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See detailEndocrine-disrupting chemicals and human growth and maturation: a focus on early critical windows of exposure.
FUDVOYE, Julie ULg; Bourguignon, Jean-Pierre ULg; Parent, Anne-Simone ULg

in Vitamins and hormones (2014), 94

Endocrine-disrupting chemicals (EDCs) are exogenous substances that interfere with hormone synthesis, metabolism, or action. In addition, some of them could cause epigenetic alterations of DNA that can be ... [more ▼]

Endocrine-disrupting chemicals (EDCs) are exogenous substances that interfere with hormone synthesis, metabolism, or action. In addition, some of them could cause epigenetic alterations of DNA that can be transmitted to the following generations. Because the developing organism is highly dependent on sex steroids and thyroid hormones for its maturation, the fetus and the child are very sensitive to any alteration of their hormonal environment. An additional concern about that early period of life comes from the shaping of the homeostatic mechanisms that takes place also at that time with involvement of epigenetic mechanisms along with the concept of fetal origin of health and disease. In this chapter, we will review the studies reporting effects of EDCs on human development. Using a translational approach, we will review animal studies that can shed light on some mechanisms of action of EDCs on the developing organism. We will focus on the major hormone-dependent stages of development: fetal growth, sexual differentiation, puberty, brain development, and energy balance. We will also discuss the possible epigenetic effects of EDCs on human development. [less ▲]

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See detailOlfactory systems in mate recognition and sexual behavior.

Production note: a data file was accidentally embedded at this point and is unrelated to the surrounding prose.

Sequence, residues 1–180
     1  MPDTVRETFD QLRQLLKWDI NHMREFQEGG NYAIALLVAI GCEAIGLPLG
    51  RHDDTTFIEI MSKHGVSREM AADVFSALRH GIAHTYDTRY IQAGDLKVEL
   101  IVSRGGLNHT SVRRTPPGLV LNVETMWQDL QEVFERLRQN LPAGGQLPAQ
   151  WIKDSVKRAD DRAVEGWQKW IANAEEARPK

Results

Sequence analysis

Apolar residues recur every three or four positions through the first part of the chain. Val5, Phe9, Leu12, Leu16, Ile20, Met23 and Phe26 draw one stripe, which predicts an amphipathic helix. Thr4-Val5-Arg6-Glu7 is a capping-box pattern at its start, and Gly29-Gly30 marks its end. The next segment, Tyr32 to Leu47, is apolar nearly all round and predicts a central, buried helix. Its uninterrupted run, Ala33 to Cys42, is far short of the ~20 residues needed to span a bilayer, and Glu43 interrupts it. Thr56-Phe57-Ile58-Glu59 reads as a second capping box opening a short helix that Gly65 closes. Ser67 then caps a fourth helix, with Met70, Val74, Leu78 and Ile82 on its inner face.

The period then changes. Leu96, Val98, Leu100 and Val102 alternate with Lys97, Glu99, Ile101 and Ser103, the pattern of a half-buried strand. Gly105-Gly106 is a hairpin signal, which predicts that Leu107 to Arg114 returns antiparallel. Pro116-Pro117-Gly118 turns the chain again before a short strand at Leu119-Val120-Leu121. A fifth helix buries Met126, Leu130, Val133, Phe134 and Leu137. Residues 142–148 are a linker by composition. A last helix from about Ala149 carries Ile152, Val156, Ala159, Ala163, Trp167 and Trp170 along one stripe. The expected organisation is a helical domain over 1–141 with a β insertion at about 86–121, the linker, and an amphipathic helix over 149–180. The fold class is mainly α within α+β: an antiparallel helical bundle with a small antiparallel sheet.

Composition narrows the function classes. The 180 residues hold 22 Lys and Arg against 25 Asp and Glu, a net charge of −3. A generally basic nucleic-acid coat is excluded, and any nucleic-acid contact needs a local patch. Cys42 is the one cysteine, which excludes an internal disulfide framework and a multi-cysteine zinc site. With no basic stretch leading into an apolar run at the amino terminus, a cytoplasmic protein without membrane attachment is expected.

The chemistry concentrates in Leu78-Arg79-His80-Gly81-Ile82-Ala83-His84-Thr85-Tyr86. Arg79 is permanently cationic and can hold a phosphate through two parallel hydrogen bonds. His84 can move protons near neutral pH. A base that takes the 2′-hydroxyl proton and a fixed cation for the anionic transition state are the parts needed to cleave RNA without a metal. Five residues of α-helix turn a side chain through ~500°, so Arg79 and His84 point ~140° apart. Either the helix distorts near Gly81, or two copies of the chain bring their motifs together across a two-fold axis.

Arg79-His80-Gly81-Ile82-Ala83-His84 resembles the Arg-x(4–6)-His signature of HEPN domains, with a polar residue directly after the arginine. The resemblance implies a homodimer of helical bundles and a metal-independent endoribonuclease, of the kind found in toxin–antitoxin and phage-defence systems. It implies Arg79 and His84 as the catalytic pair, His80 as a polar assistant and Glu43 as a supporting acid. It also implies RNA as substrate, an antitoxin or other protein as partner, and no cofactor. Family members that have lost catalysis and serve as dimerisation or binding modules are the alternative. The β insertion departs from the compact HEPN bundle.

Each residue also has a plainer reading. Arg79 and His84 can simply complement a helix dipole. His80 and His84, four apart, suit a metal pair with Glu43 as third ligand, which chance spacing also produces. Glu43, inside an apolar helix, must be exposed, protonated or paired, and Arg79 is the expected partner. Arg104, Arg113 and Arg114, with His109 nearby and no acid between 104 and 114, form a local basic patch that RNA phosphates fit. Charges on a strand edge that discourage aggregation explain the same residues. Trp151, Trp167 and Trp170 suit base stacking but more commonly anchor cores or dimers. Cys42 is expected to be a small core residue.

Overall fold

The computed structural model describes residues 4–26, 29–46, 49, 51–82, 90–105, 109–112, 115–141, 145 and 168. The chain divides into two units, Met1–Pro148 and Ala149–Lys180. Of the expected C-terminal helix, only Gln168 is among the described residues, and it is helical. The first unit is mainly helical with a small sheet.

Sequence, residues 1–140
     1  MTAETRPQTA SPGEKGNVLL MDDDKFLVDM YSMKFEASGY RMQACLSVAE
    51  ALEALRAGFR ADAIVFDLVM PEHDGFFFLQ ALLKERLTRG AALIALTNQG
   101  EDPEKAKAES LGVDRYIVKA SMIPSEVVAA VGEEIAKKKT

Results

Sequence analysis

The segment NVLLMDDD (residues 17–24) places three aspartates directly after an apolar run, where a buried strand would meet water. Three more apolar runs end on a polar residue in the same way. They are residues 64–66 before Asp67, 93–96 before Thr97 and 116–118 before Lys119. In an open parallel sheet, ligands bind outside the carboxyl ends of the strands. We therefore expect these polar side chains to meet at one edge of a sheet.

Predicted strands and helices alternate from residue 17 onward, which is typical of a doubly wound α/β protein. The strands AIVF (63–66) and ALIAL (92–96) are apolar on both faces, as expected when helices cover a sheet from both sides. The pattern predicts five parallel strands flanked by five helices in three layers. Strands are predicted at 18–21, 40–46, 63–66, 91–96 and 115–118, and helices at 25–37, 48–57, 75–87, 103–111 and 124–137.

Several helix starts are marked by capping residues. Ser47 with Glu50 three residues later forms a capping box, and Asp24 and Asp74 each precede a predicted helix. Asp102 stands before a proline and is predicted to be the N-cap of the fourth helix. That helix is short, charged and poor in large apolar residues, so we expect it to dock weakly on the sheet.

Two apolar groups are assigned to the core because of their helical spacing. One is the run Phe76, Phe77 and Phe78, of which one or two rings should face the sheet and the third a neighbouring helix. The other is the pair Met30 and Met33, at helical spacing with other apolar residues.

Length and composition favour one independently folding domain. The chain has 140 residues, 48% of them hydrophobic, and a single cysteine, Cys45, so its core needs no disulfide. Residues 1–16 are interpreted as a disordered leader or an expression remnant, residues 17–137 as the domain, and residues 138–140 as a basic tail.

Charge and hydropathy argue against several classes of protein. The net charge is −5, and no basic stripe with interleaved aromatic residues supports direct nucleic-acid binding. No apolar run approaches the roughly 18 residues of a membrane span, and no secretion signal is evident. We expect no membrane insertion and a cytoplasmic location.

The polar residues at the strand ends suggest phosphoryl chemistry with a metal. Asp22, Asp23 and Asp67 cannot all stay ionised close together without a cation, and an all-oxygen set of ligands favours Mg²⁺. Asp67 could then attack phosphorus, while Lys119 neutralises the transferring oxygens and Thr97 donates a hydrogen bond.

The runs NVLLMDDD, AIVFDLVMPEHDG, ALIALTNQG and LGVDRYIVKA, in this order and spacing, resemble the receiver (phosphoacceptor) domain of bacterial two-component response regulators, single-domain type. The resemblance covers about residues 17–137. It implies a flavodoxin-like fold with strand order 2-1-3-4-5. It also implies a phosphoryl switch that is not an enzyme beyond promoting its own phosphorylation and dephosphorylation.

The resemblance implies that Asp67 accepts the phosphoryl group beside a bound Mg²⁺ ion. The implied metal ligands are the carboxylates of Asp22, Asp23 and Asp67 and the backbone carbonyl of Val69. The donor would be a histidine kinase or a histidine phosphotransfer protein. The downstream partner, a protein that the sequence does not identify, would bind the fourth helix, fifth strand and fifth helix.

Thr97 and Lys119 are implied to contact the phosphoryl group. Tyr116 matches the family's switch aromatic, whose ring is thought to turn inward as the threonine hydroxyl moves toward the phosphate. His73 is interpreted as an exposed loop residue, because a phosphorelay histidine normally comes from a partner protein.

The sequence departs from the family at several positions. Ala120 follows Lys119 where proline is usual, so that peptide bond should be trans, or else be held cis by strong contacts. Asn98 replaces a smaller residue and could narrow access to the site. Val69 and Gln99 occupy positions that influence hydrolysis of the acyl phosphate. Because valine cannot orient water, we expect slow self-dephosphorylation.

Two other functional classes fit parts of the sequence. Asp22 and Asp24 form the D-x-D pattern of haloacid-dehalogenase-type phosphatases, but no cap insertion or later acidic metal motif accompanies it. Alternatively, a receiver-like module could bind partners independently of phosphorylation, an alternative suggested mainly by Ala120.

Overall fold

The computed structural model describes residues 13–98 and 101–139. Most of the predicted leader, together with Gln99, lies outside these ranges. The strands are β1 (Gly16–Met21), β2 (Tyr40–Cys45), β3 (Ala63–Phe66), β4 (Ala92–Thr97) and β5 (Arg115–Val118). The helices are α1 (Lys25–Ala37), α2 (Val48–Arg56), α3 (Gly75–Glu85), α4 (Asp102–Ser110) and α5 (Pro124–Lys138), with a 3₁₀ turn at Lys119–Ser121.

Keller, Matthieu; Pillon, Delphine; Bakker, Julie ULg

in Vitamins and Hormones (2010), 83

Olfactory signals play an important role so that breeding efforts are synchronized with appropriate social and environmental circumstances. In this context, the mammalian olfactory system is characterized ... [more ▼]

Olfactory signals play an important role so that breeding efforts are synchronized with appropriate social and environmental circumstances. In this context, the mammalian olfactory system is characterized by the existence of several olfactory subsystems that have evolved to process olfactory information. While the vomeronasal (or accessory) olfactory system is usually conceived as being involved in the processing of pheromonal signals due to its close connections with the reproductive hypothalamus, the main olfactory system is, by contrast, considered as a general analyzer of volatile chemosignals, especially those that are used for the social identification of conspecifics. In fact, several recent sets of experiments suggest that both the main and accessory olfactory systems have the ability to process partly overlapping pheromonal chemosignals and that both systems converge at a downstream level of pheromonal processing. As a consequence, both systems have the ability to support complimentary aspects in mate discrimination and sexual behavior. However, the relative roles played by these systems and their interactions are at present still far from being understood. [less ▲]

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